This wouldn't be The Swiss Cottage blog without a few travel adventures on the calendar. Never fear; we have quite a few adventures in the works.  Next month Garry and I will be off for a two week road trip through New Mexico and Arizona. We fly into Dallas, non-stop from Sydney, where we then catch a commuter flight to Roswell, New Mexico.  From here we collect a rental car and spend ten days exploring a plethora of space, astronomy and science fiction destinations.  Of course, Roswell kicks off the road trip with its infamous UFO research museum. However, the town was also home to Robert Goddard, the father of modern rocket science. Many of his early experimental rockets are on display in the town's museum.

We then drive west to Alamagordo, home of the New Mexico Museum of Space History and on to White Sands, where the White Sands Missile Range Museum. This part of our journey will take at least two days. We'll then turn north and drive past Spaceport America, a new private space tourism complex that will become home to Virgin Galactic some time next year. Our next stop will be the Very Large Array, an impressive complex of radio telescopes stretching miles across the desert. The site featured in the opening credits of the 1997 science fiction movie, Contact, starring Jodie Foster.

Our itinerary will then focus on a host of natural phenonmeon in central Arizona including the Painted Desert, the Petrified Forest and Meteor Crater, one the world's most widely recognised meteorite impact sites.  From here we'll head south to Tucson where more space and science sights await.  Our first stop in Tucson is the Titan Missile Museum where a former Cold War nuclear weapon remains on display in deep, blast protected silo.  We'll also be visiting the city's famous airplane graveyard where thousands of decommissioned US airforce aircraft are stored at the end of their useful life.  I'm also keen to visit Biosphere 2 where an unsuccessful experiment in closed-cycle ecosystem ran for several years.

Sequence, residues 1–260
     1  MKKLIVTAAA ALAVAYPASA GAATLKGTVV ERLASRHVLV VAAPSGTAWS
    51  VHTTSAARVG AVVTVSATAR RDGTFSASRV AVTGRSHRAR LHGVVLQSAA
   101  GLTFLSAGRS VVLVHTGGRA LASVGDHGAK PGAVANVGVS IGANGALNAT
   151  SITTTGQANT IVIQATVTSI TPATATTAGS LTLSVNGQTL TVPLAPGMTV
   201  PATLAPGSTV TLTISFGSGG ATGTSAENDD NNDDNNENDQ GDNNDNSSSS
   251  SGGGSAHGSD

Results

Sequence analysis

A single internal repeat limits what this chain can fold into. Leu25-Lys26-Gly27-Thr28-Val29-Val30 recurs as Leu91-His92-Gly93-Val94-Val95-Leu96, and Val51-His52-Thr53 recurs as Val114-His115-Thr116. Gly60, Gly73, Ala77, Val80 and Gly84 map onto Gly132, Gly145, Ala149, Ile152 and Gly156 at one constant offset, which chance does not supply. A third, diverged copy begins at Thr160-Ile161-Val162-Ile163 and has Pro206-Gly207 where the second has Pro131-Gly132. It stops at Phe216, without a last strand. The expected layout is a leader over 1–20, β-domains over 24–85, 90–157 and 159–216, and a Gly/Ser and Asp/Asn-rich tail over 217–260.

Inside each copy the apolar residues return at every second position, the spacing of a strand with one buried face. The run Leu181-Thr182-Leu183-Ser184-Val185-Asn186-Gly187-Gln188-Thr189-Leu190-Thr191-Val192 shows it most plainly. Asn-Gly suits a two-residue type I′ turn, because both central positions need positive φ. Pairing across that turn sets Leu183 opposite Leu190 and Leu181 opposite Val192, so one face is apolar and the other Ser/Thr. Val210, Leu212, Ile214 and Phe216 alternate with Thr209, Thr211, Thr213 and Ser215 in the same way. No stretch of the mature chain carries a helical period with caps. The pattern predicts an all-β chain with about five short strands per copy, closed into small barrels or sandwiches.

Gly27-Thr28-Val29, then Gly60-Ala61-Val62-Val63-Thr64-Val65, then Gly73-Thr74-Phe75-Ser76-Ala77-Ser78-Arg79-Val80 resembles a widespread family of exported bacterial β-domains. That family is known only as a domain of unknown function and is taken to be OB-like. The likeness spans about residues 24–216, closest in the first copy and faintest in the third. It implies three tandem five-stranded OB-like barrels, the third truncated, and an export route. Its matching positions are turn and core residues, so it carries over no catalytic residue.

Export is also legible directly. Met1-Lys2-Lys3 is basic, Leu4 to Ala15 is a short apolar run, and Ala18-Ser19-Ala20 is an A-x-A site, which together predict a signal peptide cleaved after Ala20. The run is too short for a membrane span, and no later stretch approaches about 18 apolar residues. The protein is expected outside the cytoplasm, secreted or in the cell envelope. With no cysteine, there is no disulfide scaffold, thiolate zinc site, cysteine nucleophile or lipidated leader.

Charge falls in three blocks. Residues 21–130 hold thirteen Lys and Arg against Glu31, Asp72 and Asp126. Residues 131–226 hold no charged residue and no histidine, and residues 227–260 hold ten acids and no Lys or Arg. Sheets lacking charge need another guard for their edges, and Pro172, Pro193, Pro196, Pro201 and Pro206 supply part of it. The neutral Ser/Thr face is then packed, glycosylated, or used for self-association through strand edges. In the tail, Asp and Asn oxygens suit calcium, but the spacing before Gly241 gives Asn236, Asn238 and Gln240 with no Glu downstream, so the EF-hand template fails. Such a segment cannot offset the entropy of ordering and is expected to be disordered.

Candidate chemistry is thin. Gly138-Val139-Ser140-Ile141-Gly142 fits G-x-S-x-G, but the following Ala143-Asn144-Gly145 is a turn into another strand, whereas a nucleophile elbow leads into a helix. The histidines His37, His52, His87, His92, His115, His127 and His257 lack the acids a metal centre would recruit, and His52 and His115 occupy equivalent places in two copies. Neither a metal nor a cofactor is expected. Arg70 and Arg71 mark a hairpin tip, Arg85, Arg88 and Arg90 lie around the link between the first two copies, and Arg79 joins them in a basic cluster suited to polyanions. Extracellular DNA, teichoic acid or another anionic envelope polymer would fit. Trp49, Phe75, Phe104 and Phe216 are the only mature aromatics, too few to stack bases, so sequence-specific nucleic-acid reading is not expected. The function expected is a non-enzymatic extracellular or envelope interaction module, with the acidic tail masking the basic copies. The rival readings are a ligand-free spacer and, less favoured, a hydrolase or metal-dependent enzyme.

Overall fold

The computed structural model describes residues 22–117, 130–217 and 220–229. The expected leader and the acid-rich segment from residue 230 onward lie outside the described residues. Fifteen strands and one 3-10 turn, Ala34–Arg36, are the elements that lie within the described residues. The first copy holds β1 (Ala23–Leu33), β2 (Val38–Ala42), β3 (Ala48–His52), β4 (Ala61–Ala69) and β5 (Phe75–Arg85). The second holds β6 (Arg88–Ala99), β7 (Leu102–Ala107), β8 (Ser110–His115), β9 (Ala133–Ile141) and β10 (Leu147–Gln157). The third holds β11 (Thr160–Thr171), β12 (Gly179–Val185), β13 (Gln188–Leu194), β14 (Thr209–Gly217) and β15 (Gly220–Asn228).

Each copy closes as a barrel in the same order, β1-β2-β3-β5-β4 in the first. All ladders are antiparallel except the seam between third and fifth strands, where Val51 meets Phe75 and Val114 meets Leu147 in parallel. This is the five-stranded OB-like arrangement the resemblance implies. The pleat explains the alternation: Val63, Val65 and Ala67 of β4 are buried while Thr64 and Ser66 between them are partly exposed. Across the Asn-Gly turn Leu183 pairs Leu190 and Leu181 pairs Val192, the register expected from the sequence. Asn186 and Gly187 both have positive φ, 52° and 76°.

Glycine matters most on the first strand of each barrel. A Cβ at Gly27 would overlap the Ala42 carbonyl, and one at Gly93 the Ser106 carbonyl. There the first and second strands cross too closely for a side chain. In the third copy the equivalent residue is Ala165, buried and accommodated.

We'll then head south again to the wild west town of Tombstone.  This is your classic frontier town of the Western movie genre. Here we'll celebrate my birthday with a visit to the world renown OK Corral, once home to outlaw, Billy the Kid. The final stop on our tour is Los Angeles.  I've been here several times before (see the photos above taken from Griffith Observatory in December 2009).  However, Garry's barely left the airport and so he's keen to experience the city's famous sights and sounds.  I've mapped out a three-day itinerary that will take us to Hollywood, Santa Monica and Beverly Hills among other attractions.